A Check at the Weather

Cattle grazing on green grass under a stormy sky
19 Oct 2023

A strong El Nino event is still anticipated this winter, which will likely impact regional temperatures and precipitation. Historically, when El Nino intensifies warmer than average temperatures are common across the northern United States. The southeastern United States often sees colder than normal conditions, with near to below-normal temperatures across the desert southwest.

Based on the intensity of this El Nino episode, conditions heading into December could be considerably warmer across Minnesota, the Dakotas, and Wisconsin. By January, temperatures may moderate a bit across our region with above-normal temperatures pushing into the Pacific Northwest and west coast.  This pattern often brings a series of active systems ashore that can boast precipitation across the western portion of the country. For skies out west, that usually means sloppy storms that can bring rain or snow depending upon elevation from California to Washington State.

The warmer pattern appears to continue into the month of February across the northern tier of states from the western Dakotas across Montana. We are also monitoring the polar vortex, which can dramatically influence the long-range forecast. When the polar vortex weakens, cold air that normally stays trapped in the Arctic region begins to spill southward.

There’s evidence by mid-winter the polar vortex could relax allowing cold air to venture south, nullifying the effects of El Nino across our region. This would also introduce a series of “clipper” systems that shake loose frequent light snowfall events. Ironically, our present El Nino episode resembles the 2009-2010 El Nino event that kept temperatures here in the upper Midwest colder than normal.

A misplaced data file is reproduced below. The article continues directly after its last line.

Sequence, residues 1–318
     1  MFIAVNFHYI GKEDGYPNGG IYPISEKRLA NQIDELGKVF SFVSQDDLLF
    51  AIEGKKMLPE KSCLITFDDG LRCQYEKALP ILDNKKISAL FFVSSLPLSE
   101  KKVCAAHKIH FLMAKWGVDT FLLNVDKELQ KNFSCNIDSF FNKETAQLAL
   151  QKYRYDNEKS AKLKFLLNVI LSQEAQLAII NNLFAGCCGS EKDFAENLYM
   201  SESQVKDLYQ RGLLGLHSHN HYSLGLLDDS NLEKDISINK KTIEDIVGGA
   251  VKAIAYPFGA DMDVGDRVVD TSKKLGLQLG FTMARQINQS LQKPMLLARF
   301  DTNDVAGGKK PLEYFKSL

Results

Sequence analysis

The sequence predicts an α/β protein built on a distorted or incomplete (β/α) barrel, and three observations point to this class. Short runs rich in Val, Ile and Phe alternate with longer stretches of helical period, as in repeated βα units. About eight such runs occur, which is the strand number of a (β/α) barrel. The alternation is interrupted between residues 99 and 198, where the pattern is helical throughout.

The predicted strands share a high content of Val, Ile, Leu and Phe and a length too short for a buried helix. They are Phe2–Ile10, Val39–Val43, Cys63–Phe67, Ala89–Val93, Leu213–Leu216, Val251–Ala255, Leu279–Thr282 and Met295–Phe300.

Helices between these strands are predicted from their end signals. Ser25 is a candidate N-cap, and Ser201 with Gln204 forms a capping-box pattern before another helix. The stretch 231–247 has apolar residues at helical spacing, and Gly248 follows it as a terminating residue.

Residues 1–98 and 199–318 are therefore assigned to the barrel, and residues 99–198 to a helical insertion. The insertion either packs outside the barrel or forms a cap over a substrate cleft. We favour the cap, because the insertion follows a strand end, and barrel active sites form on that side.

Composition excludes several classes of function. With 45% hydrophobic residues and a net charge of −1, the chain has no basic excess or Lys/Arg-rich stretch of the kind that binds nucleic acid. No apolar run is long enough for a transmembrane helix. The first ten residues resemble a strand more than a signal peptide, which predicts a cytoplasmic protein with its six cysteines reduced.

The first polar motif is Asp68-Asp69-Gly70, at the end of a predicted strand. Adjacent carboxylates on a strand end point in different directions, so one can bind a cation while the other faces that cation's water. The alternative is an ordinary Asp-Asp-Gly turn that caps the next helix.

As you can see, making general assumptions about El Nino and historical precedents can be a tricky proposition. There are many variables that impact the long-range forecast, despite the strength of El Nino.

It is worth noting that topsoil moisture heading into late fall is rated 60% to 75% “adequate” across Minnesota, North Dakota, and Wisconsin. Subsoil moisture is trending 38% to 60% adequate across the same three states heading into late October. A good moisture recharge would be welcome before our deep freeze commences.    

A picture of Steve Wohlenhaus
Written By: Steve Wohlenhaus
Steve Wohlenhaus is CEO of Weatherology, the leading company in the world in disseminating audio weather information. Steve began his career as a major market television weather anchor in Minneapolis, where he received several Emmy Awards for science programming. Steve is an author and host of the podcast program Anatomy of Success. Steve has been named a top 50 influencer in the world on LinkedIn in 2019, 2020, 2021, and 2022. Learn more about his work and grab the free Weatherology mobile app by visiting www.weatherology.com.